"You are right," replied Aramis, "do not let us attach greater importance
to matters than is necessary; and besides…  Well! if we are menaced, we
have means of defense."

"Oh! menaced!" said Fouquet, "you do not place this gnat bite, as it
were, among the number of menaces which may compromise my fortune and my
life, do you?"

"Do not forget, Monsieur Fouquet, that the bit of an insect can kill a
giant, if the insect be venomous."

"But has this sovereign power you were speaking of, already vanished?"

"I am all-powerful, it is true, but I am not immortal."

"Come, then, the most pressing matter is to find Toby again, I suppose.
Is not that your opinion?"

"Oh! as for that, you will not find him again," said Aramis, "and if he
were of any great value to you, you must give him up for lost."

"At all events he is somewhere or another in the world," said Fouquet.

"You're right, let me act," replied Aramis.


Chapter LXIV:
Madame's Four Chances.

Anne of Austria had begged the young queen to pay her a visit.  For some
time past suffering most acutely, and losing both her youth and beauty
with that rapidity which signalizes the decline of women for whom life
has been one long contest, Anne of Austria had, in addition to her
physical sufferings, to experience the bitterness of being no longer held
in any esteem, except as a surviving remembrance of the past, amidst the
youthful beauties, wits, and influential forces of her court.  Her
physician's opinions, her mirror also, grieved her far less than the
inexorable warnings which the society of the courtiers afforded, who,
like rats in a ship, abandon the hold into which on the very next voyage
the water will infallibly penetrate, owing to the ravages of decay.  Anne
of Austria did not feel satisfied with the time her eldest son devoted to
her.  The king, a good son, more from affectation than from affection,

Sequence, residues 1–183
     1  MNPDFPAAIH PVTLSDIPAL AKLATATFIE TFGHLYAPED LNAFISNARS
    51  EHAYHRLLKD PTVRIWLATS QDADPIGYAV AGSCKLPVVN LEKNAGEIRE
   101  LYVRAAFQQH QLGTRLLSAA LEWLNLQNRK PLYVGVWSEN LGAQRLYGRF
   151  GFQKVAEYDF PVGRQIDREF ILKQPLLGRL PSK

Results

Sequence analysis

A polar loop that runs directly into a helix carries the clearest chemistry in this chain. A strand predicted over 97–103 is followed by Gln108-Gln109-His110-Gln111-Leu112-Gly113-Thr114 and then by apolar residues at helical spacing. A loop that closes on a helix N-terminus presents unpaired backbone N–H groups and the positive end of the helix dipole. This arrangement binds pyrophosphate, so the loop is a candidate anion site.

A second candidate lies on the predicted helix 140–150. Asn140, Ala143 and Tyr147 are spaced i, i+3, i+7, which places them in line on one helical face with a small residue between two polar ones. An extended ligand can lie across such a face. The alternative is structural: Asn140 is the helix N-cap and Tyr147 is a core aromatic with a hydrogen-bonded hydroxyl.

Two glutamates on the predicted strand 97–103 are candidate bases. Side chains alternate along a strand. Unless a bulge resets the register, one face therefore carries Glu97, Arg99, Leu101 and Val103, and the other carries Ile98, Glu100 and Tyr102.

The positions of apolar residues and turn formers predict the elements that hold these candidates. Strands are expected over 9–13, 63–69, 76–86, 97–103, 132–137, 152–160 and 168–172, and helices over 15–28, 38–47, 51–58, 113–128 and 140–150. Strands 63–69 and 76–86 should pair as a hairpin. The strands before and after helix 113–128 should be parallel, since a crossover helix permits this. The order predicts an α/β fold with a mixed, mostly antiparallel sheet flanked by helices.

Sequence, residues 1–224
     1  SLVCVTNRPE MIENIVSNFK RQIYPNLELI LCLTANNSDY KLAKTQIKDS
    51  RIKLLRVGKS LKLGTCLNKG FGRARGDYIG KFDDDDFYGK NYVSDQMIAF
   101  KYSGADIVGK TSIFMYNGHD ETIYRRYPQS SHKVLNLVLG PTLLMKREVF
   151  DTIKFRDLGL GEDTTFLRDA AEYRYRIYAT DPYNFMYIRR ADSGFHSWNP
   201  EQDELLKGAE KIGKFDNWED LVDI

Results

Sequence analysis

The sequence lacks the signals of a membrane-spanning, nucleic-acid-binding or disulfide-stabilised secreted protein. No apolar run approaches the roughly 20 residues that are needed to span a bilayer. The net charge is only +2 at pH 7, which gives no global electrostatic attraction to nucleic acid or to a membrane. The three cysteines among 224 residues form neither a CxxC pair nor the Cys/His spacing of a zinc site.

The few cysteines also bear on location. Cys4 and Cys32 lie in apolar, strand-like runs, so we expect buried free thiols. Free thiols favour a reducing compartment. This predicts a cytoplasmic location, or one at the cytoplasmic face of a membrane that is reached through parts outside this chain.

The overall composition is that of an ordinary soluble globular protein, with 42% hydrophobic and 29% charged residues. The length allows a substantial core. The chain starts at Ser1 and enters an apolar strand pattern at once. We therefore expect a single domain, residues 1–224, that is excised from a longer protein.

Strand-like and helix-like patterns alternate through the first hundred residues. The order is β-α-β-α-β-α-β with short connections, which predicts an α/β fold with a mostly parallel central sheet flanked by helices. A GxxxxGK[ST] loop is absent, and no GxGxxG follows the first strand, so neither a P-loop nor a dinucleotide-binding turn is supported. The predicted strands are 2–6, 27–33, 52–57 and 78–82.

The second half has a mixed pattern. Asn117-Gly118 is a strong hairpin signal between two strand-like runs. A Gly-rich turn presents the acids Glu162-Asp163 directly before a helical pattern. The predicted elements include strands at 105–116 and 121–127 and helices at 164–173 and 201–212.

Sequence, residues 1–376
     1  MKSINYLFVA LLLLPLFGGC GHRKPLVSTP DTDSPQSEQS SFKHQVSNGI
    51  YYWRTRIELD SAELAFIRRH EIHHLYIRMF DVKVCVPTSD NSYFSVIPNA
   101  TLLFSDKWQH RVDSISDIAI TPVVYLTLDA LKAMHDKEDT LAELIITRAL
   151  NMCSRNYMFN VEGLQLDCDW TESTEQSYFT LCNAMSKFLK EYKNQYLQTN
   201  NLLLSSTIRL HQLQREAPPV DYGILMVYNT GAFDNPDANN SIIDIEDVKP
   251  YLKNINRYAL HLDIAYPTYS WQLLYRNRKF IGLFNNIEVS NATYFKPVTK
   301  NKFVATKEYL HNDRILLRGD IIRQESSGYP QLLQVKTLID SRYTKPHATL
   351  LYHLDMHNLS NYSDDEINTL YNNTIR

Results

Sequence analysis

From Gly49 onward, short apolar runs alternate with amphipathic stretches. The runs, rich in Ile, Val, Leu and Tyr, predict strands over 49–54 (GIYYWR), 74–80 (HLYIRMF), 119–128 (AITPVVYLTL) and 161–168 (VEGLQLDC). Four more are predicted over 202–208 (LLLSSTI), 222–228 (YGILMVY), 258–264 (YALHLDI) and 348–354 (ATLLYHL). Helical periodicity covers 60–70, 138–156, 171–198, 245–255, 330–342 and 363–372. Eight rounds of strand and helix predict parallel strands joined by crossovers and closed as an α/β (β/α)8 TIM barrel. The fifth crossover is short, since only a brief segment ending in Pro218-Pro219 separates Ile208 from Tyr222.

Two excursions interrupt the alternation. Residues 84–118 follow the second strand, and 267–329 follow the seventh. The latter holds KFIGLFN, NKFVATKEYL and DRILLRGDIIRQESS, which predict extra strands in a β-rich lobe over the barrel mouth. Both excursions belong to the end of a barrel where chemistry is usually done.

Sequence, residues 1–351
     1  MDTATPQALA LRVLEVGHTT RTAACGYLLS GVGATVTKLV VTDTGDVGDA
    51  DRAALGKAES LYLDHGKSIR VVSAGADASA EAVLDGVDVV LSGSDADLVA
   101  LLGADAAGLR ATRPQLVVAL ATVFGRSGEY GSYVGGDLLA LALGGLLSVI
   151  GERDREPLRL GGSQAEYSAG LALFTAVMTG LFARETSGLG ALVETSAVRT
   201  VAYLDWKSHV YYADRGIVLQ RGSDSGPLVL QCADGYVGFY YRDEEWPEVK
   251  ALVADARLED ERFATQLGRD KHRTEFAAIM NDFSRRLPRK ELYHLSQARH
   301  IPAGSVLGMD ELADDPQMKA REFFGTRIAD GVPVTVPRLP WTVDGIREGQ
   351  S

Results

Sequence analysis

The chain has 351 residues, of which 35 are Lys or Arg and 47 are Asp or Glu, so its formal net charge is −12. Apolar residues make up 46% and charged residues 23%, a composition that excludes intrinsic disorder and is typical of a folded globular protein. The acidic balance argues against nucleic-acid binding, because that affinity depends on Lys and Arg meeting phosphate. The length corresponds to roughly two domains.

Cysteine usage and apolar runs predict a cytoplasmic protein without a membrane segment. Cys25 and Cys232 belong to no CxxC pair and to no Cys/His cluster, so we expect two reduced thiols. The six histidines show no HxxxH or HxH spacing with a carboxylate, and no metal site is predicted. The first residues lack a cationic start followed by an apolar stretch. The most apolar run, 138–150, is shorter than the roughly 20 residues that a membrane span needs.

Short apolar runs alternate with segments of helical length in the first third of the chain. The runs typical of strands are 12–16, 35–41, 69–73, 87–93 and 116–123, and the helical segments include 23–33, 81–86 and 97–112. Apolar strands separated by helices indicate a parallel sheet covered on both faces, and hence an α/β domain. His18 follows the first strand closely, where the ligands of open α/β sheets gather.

had at first been in the habit of passing an hour in the morning and one
in the evening with his mother; but, since he had himself undertaken the
conduct of state affairs, the duration of the morning and evening's visit
had been reduced by one half; and then, by degrees, the morning visit had
been suppressed altogether.  They met at mass; the evening visit was
replaced by a meeting, either at the king's assembly or at Madame's,
which the queen attended obligingly enough, out of regard to her two sons.

The result of this was, that Madame gradually acquired an immense
influence over the court, which made her apartments the true royal place
of meeting.  This, Anne of Austria perceived; knowing herself to be very
ill, and condemned by her sufferings to frequent retirement, she was
distressed at the idea that the greater part of her future days and
evenings would pass away solitary, useless, and in despondency.  She
recalled with terror the isolation in which Cardinal Richelieu had
formerly left her, those dreaded and insupportable evenings, during
which, however, she had both youth and beauty, which are ever accompanied
by hope, to console her.  She next formed the project of transporting the
court to her own apartments, and of attracting Madame, with her brilliant
escort, to her gloomy and already sorrowful abode, where the widow of a
king of France, and the mother of a king of France, was reduced to
console, in her artificial widowhood, the weeping wife of a king of
France.

Anne began to reflect.  She had intrigued a good deal in her life.  In
the good times past, when her youthful mind nursed projects that were,
ultimately, invariably successful, she had by her side, to stimulate her
ambition and her love, a friend of her own sex, more eager, more
ambitious than herself, - a friend who had loved her, a rare circumstance
at courts, and whom some petty considerations had removed from her
forever.  But for many years past - except Madame de Motteville, and La
Molena, her Spanish nurse, a confidante in her character of countrywoman
and woman too - who could boast of having given good advice to the
queen?  Who, too, among all the youthful heads there, could recall the
past for her, - that past in which alone she lived?  Anne of Austria
remembered Madame de Chevreuse, in the first place exiled rather by her
wish than the king's, and then dying in exile, the wife of a gentleman of
obscure birth and position.  She asked herself what Madame de Chevreuse
would have advised her to do in similar circumstances, in their mutual
difficulties arising from their intrigues; and after serious reflection,
it seemed as if the clever, subtle mind of her friend, full of experience
and sound judgment, answered her in the well-remembered ironical tones:
"All the insignificant young people are poor and greedy of gain.  They
require gold and incomes to supply means of amusement; it is by interest
you must gain them over."  And Anne of Austria adopted this plan.  Her
purse was well filled, and she had at her disposal a considerable sum of
money, which had been amassed by Mazarin for her, and lodged in a place
of safety.  She possessed the most magnificent jewels in France, and